Tuesday, August 09, 2016

Invasive Species Spotlight: Norway Maple

Guest post by Jacqueline Hyman 

There are many different types of maple trees, and they are often used as ornamental plants because of their attractive leaves. However, the Norway maple (Acer platanoides) is an invasive maple tree that overpowers other native plants and trees.

    The tree is not native and was first introduced to the U.S. in 1756, marketed for its shade, hardiness, and adaptability to adverse conditions, according to Plant Invaders of Mid-Atlantic Natural Areas.  The tree has been reported as invasive throughout northeastern U.S. and in the Pacific Northwest. 

    The plant can grow up to 90 ft. with dark green leaves. They flower bright yellow-green in the spring, and the fruits mature in the summer, according to Plant Invaders.

    The Norway maple is invasive because “while native red maple or silver maple have to deal with specific insects and diseases that are pests, the Norway maple doesn’t, which means that it grows faster and creates more seeds than the native trees do, which means that they can’t compete,” said Todd Bolton, Takoma Park’s city arborist. 

    Although other nonnative trees, such as Japanese maples, are planted in the area, the Norway maples are harder to remove and grow much larger. “Japanese maples are not as hardy, they don’t produce as many sprouts, and they don’t grow to full-size canopy,” Bolton said.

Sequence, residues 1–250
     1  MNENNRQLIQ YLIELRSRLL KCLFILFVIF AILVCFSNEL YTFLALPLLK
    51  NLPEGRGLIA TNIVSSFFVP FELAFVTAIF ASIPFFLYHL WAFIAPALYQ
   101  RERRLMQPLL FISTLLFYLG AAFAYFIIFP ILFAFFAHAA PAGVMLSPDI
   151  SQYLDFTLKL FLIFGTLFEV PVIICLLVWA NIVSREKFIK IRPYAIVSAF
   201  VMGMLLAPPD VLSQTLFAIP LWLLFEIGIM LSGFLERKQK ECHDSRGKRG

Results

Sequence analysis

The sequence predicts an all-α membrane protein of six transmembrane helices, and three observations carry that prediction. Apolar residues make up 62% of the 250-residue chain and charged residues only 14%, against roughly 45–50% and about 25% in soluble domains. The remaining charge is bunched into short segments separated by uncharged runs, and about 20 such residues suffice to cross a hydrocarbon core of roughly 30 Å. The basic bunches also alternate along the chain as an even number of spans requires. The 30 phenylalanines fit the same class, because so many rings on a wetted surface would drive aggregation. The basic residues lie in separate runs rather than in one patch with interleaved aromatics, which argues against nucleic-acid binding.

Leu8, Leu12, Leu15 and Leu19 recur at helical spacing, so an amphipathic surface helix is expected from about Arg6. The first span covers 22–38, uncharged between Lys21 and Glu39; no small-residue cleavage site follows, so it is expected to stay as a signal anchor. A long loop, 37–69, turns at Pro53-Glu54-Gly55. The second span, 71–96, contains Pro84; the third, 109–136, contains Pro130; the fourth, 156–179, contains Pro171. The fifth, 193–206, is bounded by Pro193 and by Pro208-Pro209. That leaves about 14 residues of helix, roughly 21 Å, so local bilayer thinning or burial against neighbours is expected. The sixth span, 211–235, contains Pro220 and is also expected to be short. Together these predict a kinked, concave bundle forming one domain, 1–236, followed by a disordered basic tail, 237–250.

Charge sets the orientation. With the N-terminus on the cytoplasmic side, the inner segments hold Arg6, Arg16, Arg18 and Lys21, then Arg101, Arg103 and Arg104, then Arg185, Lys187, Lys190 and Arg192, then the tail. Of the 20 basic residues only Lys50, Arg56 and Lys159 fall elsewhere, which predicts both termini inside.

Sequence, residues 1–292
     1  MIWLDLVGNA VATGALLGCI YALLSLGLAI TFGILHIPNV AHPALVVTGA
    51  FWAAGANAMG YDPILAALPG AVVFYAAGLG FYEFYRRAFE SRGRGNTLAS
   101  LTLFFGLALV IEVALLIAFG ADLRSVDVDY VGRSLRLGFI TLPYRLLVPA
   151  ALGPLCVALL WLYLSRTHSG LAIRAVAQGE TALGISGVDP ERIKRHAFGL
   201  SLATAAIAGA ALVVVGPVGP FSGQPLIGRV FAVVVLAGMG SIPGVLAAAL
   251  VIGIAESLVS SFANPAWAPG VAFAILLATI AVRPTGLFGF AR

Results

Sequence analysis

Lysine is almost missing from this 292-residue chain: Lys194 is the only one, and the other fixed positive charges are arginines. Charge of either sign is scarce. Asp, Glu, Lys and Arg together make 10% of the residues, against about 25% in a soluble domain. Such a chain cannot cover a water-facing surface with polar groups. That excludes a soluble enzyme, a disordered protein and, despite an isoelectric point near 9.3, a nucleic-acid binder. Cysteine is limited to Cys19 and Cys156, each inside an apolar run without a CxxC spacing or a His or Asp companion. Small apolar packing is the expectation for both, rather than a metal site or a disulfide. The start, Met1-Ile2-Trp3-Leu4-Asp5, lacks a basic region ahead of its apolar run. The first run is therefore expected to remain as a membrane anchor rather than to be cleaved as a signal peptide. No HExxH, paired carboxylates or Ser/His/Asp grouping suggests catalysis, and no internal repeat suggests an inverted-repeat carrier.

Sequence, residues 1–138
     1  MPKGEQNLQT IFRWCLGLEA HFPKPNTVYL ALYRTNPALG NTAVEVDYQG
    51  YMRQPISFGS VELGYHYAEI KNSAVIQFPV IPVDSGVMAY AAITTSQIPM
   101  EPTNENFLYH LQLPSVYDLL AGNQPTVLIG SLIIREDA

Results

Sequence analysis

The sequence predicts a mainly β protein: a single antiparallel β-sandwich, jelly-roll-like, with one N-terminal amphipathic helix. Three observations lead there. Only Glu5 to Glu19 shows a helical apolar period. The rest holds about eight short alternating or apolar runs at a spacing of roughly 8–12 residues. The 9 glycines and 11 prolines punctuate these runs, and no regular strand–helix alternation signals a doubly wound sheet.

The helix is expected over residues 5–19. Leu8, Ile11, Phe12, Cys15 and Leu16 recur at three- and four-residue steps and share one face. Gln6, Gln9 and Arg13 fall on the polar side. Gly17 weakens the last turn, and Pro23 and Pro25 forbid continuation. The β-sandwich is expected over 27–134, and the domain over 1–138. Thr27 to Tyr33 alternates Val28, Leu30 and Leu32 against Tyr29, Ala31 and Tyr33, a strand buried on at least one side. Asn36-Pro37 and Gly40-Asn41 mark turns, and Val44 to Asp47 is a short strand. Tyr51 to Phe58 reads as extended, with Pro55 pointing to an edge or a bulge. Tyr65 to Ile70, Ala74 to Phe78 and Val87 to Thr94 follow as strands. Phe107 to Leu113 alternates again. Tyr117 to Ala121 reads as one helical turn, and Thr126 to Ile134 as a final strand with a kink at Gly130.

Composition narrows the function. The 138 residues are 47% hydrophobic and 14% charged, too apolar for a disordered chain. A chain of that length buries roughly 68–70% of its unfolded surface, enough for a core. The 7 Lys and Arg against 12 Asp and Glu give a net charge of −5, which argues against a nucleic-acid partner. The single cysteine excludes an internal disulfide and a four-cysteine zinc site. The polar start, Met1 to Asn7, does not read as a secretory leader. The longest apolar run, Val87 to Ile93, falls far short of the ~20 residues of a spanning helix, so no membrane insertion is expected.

Many trees are hybridized, Bolton said, in order to display the more desirable qualities. However, these trees reproduce with the original qualities of their parent plants.  “Crimson King is a Norway maple variety that was hybridized so the leaves are red, like the color of a red Japanese maple except that they get full size, about 50 feet tall,” Bolton said. “So somebody buys a Crimson King maple because it looks good and doesn’t realize that actually it’s a Norway maple.”

    Bolton said the trees are not being sold as actively as in previous years, but are now coming from trees that were seeded out as early as 30 years ago. “The main problem now is that they’re growing wild,” Bolton said. “Many of those wild trees in the forests in peoples’ backyards are now Norway maples.”

    Bolton said that in Takoma Park, MD, people wanting to remove trees must replace it as part of receiving a permit. “Now if there was a Norway maple growing in that same place and you were going to build a house,” Bolton said, “you would only have to one half of x replacements, because that tree is not as valuable in the ecosystem.”  The tree is on the city’s list of undesirables because it grows faster and taller than other plants, draining the native plants’ resources.

   “They have become endemic and displaced many of our native plants,” Bolton said.

The  "Invasive Species Spotlight" is a summer blog series focusing on a different plant each week that is a problem for Mid-Atlantic home gardeners.

About the author:
Jacqueline Hyman is a junior journalism and English major at the University of Maryland. She is the editor-in-chief of the Mitzpeh, an independent Jewish newspaper at UMD. In addition, Jacqueline enjoys musical theater, and teaches piano and voice at Guitar Center. She is excited to be interning this summer for the Washington Gardener

Image credit: Crimson King Norway Maple during autumn leaf coloration along Terrace Boulevard in Ewing, NJ. Photo by Famartin (Own work) [CC BY-SA 4.0 (http://creativecommons.org/licenses/by-sa/4.0)], via Wikimedia Commons.

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